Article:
• They ensured students were aware of further educational pathways.

Findings on enablers of graduate outcomes for institutions

  • External drivers were forces to which institutions were required to respond or that they perceived they were responding, or should respond.
  • Structural and procedural enablers were those that facilitated or engaged staff and communities within the institution to become aware of or work towards change in practice.
  • Developmental enablers were those that assisted staff/groups/departments to introduce and develop graduate outcomes and embed them in curricula, or undertake some curriculum development.
  • Achievement enablers were those that were concerned with how students are assisted to achieve a graduate profile.
  • Contextual enablers were those generic institutional and/or individual cultural/affective qualities that crossed the four enablers described above and made them more or less effective.

Key Recommendations

Cultural change | Promote a culture within the institution that values teaching.

Consider external drivers | Take advantage of external drivers where possible, as these are a powerful enabler.

Balance graduate outcomes | Ensure that a careful balance is struck between graduate outcomes desired by external agencies and those desired by the institution.

Renew the curriculum | Consider instigating curriculum renewal with a focus on graduate outcomes.

Renew the curriculum with care | Ensure any curriculum renewal includes strong leadership; the assistance of academic or educational developers; ownership by teaching staff; development of a graduate profile; a focus on learning outcomes and assessment; and allow at least a couple of years for curriculum renewal.

Put enablers in place | Ensure that structural and procedural enablers are in place to assist with a graduate outcomes agenda.

Put developmental enablers in place | Be clear about the institutional role and relation to graduate profiles; provide academic development support; and allow sufficient time for change.

Pay attention to achievement enablers | Assist students to track their attainment of graduate outcome through an ePortfolio framework or the advice and mentoring of students.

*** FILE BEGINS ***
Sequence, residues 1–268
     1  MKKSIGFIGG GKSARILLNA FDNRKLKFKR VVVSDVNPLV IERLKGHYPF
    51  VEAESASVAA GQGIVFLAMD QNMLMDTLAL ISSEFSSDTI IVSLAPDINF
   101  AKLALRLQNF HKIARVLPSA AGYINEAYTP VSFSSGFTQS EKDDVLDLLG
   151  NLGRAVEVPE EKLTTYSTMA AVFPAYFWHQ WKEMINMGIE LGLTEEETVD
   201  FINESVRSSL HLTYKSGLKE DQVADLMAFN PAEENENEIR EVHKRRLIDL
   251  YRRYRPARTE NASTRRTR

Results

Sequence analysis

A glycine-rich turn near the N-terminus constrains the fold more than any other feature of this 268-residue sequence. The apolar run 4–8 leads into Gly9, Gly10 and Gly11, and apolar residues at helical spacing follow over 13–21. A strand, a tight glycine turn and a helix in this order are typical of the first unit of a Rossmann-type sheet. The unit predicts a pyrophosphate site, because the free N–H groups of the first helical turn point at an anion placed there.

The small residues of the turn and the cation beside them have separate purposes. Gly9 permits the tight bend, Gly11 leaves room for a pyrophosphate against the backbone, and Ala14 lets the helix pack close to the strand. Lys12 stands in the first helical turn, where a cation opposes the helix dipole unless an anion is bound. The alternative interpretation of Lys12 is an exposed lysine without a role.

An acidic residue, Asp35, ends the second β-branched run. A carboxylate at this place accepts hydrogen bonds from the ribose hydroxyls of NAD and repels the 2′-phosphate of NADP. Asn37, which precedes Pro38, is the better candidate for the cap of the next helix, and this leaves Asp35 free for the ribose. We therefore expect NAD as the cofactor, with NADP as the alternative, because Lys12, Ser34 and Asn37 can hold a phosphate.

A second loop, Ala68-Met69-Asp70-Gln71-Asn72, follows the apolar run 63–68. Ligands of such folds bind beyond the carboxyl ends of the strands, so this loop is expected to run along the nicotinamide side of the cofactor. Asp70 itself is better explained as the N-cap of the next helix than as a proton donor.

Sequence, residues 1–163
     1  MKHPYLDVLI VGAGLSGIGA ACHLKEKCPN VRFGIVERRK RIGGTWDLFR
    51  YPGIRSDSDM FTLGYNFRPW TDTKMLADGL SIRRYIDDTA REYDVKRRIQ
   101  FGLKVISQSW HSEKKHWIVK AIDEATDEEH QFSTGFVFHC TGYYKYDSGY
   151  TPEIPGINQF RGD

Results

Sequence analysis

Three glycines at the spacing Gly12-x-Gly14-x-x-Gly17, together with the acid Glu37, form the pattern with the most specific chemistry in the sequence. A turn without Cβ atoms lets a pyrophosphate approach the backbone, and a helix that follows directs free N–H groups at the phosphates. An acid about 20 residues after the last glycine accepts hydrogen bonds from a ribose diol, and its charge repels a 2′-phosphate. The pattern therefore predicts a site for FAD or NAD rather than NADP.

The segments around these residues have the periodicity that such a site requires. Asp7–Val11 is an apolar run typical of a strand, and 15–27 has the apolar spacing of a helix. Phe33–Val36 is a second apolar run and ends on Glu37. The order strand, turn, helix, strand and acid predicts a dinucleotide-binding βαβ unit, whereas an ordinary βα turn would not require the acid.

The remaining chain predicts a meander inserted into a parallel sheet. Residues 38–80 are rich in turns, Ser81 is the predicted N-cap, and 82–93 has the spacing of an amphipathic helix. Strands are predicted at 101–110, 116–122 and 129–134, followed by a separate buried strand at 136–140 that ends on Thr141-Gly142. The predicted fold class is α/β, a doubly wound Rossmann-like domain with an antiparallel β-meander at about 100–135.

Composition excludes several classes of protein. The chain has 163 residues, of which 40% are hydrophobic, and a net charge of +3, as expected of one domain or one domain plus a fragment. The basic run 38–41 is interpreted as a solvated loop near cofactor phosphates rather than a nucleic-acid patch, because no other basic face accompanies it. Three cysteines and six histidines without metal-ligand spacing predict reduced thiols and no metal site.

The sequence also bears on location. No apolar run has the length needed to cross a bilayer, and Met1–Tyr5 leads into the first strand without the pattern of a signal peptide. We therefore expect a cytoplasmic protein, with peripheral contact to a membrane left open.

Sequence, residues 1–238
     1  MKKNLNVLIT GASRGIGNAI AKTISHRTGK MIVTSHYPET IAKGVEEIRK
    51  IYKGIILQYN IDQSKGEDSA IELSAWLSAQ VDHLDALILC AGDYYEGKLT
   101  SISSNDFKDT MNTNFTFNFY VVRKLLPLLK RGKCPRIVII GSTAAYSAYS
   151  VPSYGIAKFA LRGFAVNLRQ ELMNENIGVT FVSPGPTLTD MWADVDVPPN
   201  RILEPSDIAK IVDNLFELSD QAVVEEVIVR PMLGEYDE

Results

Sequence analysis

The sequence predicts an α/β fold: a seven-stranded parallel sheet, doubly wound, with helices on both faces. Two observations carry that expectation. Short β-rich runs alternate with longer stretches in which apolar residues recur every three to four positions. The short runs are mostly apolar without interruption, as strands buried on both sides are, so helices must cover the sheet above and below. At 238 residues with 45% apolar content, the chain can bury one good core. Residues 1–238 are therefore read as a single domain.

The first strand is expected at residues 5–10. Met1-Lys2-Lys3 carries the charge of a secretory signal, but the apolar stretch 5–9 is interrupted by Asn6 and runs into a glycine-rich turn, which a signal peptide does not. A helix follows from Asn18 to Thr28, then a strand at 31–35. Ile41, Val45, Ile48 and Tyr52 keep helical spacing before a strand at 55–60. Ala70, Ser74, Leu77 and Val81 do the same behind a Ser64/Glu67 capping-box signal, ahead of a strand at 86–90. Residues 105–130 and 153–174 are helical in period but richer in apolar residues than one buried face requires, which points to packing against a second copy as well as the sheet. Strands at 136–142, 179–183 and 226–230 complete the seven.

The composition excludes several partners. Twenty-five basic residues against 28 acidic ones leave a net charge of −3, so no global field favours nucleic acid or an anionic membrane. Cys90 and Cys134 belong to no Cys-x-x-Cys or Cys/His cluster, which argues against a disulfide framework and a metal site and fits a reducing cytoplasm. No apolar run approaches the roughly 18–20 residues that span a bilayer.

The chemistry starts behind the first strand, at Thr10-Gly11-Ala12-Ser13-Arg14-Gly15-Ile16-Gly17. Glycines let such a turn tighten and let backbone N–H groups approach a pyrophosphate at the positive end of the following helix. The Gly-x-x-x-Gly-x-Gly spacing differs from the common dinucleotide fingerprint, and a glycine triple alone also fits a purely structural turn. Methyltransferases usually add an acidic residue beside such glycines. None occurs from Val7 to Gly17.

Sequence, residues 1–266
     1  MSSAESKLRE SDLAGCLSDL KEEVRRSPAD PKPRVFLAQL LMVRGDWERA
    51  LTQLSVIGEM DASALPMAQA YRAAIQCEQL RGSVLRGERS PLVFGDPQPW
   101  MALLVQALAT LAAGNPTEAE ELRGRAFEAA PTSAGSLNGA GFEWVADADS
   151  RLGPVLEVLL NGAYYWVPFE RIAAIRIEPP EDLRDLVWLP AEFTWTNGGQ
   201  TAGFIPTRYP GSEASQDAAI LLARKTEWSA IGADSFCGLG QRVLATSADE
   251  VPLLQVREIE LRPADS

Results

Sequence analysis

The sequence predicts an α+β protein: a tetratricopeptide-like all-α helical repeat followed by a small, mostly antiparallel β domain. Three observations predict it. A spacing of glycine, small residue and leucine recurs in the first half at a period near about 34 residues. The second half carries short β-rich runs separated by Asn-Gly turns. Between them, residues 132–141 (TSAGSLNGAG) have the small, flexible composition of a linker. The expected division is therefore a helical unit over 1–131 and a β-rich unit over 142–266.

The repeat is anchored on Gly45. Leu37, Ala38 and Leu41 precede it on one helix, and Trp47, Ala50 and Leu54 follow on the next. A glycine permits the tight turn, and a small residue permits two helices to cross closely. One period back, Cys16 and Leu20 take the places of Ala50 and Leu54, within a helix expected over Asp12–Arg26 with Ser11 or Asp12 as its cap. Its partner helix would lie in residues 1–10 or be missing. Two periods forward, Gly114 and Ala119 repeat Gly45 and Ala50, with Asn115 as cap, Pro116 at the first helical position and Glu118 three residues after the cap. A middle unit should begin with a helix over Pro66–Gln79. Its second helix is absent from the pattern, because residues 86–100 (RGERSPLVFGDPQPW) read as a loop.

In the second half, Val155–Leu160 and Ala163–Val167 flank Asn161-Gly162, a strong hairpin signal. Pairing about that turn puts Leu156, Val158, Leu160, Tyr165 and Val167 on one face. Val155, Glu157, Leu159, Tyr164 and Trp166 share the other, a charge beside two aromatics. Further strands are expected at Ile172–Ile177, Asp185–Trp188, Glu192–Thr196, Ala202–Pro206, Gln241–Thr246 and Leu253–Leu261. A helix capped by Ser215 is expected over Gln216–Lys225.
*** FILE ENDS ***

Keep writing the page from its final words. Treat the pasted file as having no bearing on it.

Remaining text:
Report

How to Engage with a Graduate Outcomes’ Agenda: A Guide for Tertiary Education Institution

A report prepared by Rachel Spronken-Smith, Carol Bond, Angela McLean, Stanley Frielick, Nell Smith, Martin Jenkins and Stephen Marshall. 

(PDF, 3.57 MB, 147-pages).

  • 6 July 2013
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Guidelines

How to Engage with a Graduate Outcomes’ Agenda: A Guide for Tertiary Education Institutions

A guide prepared by Rachel Spronken-Smith, Carol Bond, Angela McLean, Stanley Frielick, Nell Smith, Martin Jenkins and Stephen Marshall.

(PDF, 3 MB, 32-pages).

ISBN: 978-1-927292-54-8.

  • 6 July 2013
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Tool

Toolkit to assist Heads of Department and Programme Directors to engage with graduate outcomes.

A toolkit prepared by Rachel Spronken-Smith, Carol Bond, Angela McLean, Stanley Frielick, Nell Smith, Martin Jenkins and Stephen Marshall. 

(PDF, 734 KB, 13-pages).

  • 6 July 2013
Read more

Tool

Toolkit to assist Lecturers to engage with graduate outcomes.

A toolkit prepared by Rachel Spronken-Smith, Carol Bond, Angela McLean, Stanley Frielick, Nell Smith, Martin Jenkins and Stephen Marshall.

(PDF, 734 KB, 14-pages).

  • 6 July 2013
Read more

Tool

Toolkit to assist Institutions to engage with graduate outcomes.

A toolkit prepared by Rachel Spronken-Smith, Carol Bond, Angela McLean, Stanley Frielick, Nell Smith, Martin Jenkins and Stephen Marshall.

(PDF, 740 KB, 14-pages).

  • 6 July 2013
Read more